The conversion was extensive and affected the whole car from the windscreen backwards. One problem with the conversion was that the tubular structure of the roof was cut away and the new extended roof was supported by steel fabrications thus reducing the inherent rigidity of the original vehicle. The rear hatchback was a single piece hinged from the top and assisted by springs.
The interior was cleverly designed to hold as much as stuff as possible. With the rear seat folded down, the car offered an uninterrupted payload platform of 1.75 meters by 1 .05 meters and a volume of 1.1 cubic meters, although with suspension unaltered, it would have been unwise to carry a large deal of additional weight.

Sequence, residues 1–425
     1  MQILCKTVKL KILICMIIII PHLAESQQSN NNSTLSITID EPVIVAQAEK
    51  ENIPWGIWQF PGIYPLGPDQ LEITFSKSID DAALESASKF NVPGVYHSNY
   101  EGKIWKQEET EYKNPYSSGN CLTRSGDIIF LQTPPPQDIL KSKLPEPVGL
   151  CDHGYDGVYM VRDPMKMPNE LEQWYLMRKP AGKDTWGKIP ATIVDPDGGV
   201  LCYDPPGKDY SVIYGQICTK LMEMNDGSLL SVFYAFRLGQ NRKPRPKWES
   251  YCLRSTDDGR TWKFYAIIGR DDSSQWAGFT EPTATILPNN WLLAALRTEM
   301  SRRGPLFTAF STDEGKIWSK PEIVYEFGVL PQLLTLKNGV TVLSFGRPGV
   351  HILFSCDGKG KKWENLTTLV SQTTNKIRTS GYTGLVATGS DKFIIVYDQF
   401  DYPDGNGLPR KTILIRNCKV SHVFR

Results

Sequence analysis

As the mechanical and chassis specification of the car remained the same as when first built, Radford still claimed to reach 150 mph and was marketed with the tag-line ‘The world’s fastest dual-purpose vehicle’. Also Radford claimed the Shooting Brake would be able to brake from 100 mph to a standstill in 6 seconds, although we must assume this is without a heavy payload in the back. As each shooting brake began life as a completely finished DB6 saloon, the additional conversion to a shooting brake added more than £2,000 to the cost.
The example shown on this page is a Radford converted car and has lived in the US for many years.
In addition to the Radford converted cars, two or maybe three DB6’s were converted to Shooting Brakes by FLM Panelcraft, another London coachbuilding company.